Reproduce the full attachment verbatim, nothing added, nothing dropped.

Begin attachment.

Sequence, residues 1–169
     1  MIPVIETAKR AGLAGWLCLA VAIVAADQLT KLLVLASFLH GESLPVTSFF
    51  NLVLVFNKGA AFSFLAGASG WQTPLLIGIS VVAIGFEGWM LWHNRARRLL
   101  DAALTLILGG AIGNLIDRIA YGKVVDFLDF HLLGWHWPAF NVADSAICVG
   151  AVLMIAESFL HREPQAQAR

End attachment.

Sequence, residues 1–169
     1  MIPVIETAKR AGLAGWLCLA VAIVAADQLT KLLVLASFLH GESLPVTSFF
    51  NLVLVFNKGA AFSFLAGASG WQTPLLIGIS VVAIGFEGWM LWHNRARRLL
   101  DAALTLILGG AIGNLIDRIA YGKVVDFLDF HLLGWHWPAF NVADSAICVG
   151  AVLMIAESFL HREPQAQAR